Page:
Alexandre Dumas, père (1806-1876) was a famous French author and the creator of iconic French literature. His name suffix, "père" ("father") corresponds to the English designation "senior" and is used to distinguish him from his namesake son Alexandre Dumas, fils, also a major French writer. Dumas is particularly known for his swashbuckling historical novels but was also the author of noteworthy works of non-fiction. He was born at Villers-Cotterêts and following his death was interred there, but in 2002 his body was exhumed and ceremoniously buried in Paris at The Panthéon; President Jacques Chirac later apologised for the racism which had denied Dumas, a person of mixed ancestry, the recognition given to other luminous French writers.
Dumas was the son of an aristocratic French general, Thomas-Alexandre Dumas, a creole, and his wife Marie-Louise Elisabeth Labouret. He lost his father at the age of 4 and Marie-Louise had to raise her young son in near poverty, although his father's reputation and connections would eventually assist young Dumas to find gainful employment.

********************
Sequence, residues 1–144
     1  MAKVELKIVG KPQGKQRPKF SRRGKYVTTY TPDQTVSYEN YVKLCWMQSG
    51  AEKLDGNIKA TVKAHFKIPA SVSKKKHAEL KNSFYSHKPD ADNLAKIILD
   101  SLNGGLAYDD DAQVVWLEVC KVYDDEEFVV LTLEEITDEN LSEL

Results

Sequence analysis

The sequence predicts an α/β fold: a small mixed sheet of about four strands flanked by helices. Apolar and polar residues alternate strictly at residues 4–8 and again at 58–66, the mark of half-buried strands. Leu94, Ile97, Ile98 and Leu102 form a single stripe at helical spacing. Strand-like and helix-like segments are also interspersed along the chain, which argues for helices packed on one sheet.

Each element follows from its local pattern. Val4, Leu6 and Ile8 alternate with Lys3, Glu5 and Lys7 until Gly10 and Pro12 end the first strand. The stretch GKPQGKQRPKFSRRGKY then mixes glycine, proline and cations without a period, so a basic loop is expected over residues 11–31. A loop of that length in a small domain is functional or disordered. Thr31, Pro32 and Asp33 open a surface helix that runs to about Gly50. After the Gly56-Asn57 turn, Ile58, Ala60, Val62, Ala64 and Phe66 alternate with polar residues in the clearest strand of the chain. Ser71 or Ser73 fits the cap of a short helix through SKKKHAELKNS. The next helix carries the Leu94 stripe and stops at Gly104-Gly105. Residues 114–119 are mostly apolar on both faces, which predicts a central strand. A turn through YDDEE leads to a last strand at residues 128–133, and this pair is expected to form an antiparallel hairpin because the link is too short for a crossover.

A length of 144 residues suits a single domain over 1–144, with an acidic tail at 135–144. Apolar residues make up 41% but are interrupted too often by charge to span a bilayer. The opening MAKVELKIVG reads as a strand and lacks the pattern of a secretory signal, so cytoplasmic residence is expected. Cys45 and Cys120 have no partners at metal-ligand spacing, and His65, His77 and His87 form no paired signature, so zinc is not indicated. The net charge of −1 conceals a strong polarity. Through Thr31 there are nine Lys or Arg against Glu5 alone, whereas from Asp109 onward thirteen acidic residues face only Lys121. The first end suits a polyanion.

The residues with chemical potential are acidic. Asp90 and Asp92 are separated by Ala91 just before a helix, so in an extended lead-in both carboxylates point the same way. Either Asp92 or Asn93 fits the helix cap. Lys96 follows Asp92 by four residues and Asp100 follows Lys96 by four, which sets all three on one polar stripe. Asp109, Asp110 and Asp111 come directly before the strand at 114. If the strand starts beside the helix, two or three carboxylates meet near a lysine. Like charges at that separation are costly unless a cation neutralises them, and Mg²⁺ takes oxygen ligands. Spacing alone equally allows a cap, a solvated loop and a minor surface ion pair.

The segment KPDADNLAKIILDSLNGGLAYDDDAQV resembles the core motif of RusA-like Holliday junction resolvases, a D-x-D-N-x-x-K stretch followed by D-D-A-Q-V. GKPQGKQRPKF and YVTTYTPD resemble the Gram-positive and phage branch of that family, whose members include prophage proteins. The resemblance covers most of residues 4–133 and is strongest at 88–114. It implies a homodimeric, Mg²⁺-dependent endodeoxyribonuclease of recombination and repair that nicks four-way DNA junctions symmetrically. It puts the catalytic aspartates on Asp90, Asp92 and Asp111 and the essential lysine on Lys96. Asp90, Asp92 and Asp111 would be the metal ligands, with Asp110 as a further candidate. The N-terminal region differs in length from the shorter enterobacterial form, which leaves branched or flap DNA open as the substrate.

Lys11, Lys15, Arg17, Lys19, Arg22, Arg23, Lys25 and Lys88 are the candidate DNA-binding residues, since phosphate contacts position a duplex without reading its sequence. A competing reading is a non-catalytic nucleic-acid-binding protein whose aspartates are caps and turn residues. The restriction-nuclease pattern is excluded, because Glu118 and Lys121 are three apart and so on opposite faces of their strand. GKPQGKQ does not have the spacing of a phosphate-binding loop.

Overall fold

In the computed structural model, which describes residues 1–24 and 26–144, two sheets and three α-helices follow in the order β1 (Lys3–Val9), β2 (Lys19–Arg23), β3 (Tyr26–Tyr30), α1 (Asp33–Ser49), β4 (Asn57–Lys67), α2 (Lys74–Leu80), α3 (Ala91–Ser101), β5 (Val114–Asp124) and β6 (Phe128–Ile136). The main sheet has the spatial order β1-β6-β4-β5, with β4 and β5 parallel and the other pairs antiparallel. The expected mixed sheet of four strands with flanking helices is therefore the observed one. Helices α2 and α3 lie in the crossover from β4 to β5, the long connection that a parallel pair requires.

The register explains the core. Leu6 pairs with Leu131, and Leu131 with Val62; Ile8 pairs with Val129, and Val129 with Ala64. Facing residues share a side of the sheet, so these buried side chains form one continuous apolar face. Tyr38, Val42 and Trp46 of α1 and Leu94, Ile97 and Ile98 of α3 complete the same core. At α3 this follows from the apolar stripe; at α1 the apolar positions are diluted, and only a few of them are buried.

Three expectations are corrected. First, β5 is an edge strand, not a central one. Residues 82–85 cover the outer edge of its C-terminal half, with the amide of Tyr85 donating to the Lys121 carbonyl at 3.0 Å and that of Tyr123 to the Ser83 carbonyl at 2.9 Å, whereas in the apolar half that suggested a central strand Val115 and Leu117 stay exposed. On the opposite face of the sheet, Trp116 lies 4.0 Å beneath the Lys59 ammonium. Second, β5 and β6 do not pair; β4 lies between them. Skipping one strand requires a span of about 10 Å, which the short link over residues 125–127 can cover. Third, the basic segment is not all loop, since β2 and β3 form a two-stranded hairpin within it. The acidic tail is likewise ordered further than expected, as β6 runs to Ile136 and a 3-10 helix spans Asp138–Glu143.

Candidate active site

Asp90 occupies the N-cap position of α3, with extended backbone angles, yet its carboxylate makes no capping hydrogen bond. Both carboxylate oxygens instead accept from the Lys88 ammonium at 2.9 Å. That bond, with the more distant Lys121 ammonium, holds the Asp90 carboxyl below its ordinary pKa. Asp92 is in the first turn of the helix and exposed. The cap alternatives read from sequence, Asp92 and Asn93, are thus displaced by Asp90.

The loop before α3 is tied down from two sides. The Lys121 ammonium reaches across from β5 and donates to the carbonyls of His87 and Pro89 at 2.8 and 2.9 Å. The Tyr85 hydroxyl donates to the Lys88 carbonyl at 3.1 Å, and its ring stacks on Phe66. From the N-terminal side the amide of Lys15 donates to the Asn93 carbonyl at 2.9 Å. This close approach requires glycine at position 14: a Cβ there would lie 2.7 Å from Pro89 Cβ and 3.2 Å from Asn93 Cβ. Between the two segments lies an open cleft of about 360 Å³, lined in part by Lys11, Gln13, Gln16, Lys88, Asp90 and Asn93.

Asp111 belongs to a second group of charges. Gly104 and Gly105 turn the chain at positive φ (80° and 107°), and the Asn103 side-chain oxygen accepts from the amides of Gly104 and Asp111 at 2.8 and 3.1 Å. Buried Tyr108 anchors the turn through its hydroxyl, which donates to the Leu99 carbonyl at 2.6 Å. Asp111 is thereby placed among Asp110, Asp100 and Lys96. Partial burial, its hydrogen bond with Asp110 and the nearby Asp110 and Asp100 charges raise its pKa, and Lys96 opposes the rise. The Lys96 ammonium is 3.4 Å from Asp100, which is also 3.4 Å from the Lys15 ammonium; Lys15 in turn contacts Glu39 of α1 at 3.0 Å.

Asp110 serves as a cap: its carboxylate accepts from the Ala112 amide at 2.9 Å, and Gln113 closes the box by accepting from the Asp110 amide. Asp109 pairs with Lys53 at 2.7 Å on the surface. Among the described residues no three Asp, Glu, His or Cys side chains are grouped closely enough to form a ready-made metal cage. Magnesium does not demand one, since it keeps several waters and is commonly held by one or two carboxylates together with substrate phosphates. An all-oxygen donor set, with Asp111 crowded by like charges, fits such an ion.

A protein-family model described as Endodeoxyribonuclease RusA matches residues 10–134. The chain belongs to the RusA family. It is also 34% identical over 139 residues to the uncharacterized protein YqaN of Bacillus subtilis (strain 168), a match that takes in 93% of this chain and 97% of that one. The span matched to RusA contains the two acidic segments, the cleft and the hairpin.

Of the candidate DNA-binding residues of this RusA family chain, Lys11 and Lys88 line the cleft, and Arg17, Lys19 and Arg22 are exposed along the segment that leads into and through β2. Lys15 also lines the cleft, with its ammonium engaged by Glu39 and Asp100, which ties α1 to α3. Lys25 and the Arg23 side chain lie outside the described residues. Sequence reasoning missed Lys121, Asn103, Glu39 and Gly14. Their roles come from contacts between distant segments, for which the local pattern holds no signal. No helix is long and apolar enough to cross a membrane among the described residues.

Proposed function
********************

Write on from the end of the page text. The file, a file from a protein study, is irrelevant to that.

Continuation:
Dumas came to Paris to seek his fortune, where he obtained office work, and his skilled writing soon received critical and popular acclaim. He became famous as a playwright, but today, his best known works are his novels. These include the most famous of the D'Artagnan Romances The Three Musketeers (1844) and The Vicomte de Bragelonne ("The Man in the Iron Mask") (1848); also The Count of Monte Cristo (1844—1846). These have been widely translated and there are scores of films based on them. In his vast output he undoubtedly used collaborators, and there is dispute over how much he owed to them, particularly in Monte Cristo.
Despite his success his private life was less than happy, he was dogged by racism, was unhappy with and unfaithful to his wife, and made and squandered vast amounts of money. He died near Dieppe with his physical and mental health broken, where his son and daughter attended to him.